PRESIDENT Donald Trump is coming to London town on a state visit next week. He will sup with HM the Queen and talk the talk and tweet the tweet, and celebrate D-Day. He wants to meet Boris Johnson and has caused controversy among those competing to succeed Theresa May as prime minister by saying he would do an excellent job. Excellent my foot!
There will probably be no time for a golf break in Scotland this time. There will be time to say goodbye to Theresa May and shed crocodile tears and remind her of the advice he gave her last time to sue the EU – he is great I-told-you-so Donald Trump is, and, as he told his friend Rupert Murdoch’s Sun Newspaper last Friday, Britain did not play her cards right in the Brexit negotiations.
We do not have furthers and betters of the advice he gave May but the only glimmerings of a case is whether the EU’s claim that Britain has an obligation pay £40 billion to withdraw from the EU is sound in law.
The advice to sue the EU came from the top of Trump’s head. But he must have meant it seriously because he repeated it more recently when May got stuck over changes to the withdrawal agreement and had no leverage to press the EU for changes to the agreement.
So there you have it; Theresa May should have read the Art of the Deal by Donald Trump. Half of Trump’s charm is that he is very childlike. He tells the unvarnished truth as he sees it, unconstrained by the niceties that hold other grown-up leaders back.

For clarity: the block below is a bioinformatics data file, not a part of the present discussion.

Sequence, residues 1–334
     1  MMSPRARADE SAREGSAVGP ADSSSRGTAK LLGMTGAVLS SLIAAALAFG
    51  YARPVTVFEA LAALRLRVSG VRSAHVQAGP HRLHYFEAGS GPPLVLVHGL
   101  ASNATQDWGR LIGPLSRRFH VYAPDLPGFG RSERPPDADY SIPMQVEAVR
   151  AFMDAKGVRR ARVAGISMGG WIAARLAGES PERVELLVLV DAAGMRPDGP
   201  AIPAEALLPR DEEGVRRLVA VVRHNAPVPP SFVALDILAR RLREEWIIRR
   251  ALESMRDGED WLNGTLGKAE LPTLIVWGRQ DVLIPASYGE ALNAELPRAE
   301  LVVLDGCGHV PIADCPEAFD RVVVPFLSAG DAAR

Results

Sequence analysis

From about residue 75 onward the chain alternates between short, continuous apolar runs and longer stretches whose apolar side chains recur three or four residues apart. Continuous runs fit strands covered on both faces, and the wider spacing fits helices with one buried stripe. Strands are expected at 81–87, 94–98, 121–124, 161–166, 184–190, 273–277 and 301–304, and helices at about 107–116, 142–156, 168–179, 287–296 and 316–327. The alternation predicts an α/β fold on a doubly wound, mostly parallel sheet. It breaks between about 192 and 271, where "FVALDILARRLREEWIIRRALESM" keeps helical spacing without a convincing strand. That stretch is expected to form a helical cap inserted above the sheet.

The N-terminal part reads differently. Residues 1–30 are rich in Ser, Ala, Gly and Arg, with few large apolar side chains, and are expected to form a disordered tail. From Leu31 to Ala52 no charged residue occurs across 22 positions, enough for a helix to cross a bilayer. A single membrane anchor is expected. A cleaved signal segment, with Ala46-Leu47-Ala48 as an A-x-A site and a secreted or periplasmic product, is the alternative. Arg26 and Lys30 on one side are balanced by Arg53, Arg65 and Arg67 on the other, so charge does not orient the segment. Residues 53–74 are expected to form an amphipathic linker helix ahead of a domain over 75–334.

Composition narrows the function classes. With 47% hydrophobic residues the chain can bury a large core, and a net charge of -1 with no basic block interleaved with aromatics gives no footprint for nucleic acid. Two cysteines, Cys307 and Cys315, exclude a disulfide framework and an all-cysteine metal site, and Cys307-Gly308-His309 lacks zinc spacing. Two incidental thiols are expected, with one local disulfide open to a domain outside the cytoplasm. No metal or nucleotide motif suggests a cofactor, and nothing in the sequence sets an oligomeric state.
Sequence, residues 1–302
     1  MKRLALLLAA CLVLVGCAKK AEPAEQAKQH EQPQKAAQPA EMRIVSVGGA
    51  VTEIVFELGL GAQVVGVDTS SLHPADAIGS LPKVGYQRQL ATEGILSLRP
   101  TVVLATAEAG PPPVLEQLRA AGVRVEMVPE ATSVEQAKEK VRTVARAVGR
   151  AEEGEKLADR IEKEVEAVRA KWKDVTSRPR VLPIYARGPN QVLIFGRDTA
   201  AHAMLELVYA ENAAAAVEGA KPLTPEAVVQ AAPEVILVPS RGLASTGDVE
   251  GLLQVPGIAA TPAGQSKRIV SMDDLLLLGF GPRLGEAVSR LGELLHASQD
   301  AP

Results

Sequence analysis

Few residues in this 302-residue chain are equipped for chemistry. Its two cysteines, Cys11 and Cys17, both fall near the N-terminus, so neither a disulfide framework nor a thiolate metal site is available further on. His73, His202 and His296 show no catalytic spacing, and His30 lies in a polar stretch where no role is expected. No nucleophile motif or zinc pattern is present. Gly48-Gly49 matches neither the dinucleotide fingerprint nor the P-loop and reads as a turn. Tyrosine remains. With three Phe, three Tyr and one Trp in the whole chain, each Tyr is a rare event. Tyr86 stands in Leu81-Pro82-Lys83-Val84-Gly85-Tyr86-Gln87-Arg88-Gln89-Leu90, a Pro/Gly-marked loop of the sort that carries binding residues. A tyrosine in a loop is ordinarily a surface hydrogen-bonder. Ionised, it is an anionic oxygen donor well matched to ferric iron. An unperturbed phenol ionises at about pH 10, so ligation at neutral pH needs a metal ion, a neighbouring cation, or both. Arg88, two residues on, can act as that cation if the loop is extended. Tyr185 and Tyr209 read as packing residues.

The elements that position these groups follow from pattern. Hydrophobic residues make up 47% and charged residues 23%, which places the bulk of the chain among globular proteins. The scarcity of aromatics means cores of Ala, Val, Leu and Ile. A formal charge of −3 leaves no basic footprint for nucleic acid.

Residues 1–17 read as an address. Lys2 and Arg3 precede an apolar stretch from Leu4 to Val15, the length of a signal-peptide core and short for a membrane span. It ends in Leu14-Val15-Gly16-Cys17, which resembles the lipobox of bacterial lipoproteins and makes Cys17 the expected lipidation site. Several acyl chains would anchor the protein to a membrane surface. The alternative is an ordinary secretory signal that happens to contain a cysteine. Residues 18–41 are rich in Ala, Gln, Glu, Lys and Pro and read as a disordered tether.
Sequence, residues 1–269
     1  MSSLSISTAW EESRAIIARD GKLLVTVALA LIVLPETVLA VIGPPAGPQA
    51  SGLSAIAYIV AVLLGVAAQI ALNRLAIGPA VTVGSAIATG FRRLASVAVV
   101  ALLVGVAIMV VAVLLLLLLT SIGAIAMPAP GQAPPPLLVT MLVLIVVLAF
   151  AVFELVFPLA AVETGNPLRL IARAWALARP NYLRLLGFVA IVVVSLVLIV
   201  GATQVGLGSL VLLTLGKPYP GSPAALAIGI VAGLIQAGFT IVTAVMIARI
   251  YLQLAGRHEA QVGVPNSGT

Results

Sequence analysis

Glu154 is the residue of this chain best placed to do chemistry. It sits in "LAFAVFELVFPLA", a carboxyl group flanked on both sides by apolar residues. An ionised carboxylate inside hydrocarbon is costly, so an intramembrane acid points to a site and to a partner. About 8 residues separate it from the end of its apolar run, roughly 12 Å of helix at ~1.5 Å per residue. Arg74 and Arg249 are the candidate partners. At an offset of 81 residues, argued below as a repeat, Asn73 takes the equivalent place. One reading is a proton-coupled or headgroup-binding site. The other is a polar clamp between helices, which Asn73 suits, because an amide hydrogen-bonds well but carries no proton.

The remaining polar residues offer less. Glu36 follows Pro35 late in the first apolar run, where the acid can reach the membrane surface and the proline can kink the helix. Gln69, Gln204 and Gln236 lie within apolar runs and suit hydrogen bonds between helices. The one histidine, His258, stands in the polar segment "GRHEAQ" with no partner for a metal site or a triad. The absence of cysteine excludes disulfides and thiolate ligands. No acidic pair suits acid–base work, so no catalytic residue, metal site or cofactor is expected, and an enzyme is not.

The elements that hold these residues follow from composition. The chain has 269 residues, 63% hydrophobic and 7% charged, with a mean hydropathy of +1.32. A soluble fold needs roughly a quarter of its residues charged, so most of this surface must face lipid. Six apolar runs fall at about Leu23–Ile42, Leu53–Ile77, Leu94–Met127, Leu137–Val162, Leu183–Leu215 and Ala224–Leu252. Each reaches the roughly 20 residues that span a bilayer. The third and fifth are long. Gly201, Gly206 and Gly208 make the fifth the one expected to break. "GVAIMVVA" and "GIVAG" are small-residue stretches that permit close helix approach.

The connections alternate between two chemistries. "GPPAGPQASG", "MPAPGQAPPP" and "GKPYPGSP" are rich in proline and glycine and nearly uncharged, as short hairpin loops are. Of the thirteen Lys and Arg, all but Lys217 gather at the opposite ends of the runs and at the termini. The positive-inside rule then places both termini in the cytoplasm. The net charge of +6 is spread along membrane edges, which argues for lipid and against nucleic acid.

Theresa May mocked his advice at the time but in hindsight he had a point. Or more precisely he would have had a point but for one insuperable obstacle. If to strengthen her hand in negotiations, Britain challenged the £40 billion divorce bill, it would have been in the Court of Justice of the EU.
Trump had not thought the advice he gave through, however, because the Court of Justice is the most unashamedly political court in the civilised world followed closely by the US Supreme Court that Trump knows is very political because he himself appointed judges to it in order change basic laws like a woman’s right to choose abortion.
The Court of Justice is at the vanguard of achieving an ever-closer Union and its judicial activism to achieve political union was one of the main reasons why Britain is leaving. So the idea that Britain had any chance of getting a case off the ground in the Court of Justice against the EU, let alone one based on leaving the EU on the cheap, is for the birds.
But the perversity of the advice Trump gave is not that it left out of account the political nature of the Court of Justice, but rather because it encourages politicisation of the law just when it is being politicised against him. And he should know better because last week both he and his new best friend Johnson have been victims of the political use of the criminal law by would-be prosecutors.
Trump was investigated for allegedly impeding the administration of criminal justice by special counsel Robert Mueller who said that if he had confidence that the president did not commit a crime, he would have said so in his report to the attorney-general. In the UK a District Judge ruled the other day that a private prosecution for misconduct in a public office could be brought against Johnson for an advertisement on a bus during the 2016 referendum campaign attributed to him containing a slogan to the effect that the UK was paying £350 million a week to the EU which it is alleged was a deliberate lie.